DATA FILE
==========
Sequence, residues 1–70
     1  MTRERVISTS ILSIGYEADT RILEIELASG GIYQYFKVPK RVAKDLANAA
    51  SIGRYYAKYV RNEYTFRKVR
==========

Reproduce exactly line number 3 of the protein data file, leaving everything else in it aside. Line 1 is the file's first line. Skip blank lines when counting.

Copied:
    51  SIGRYYAKYV RNEYTFRKVR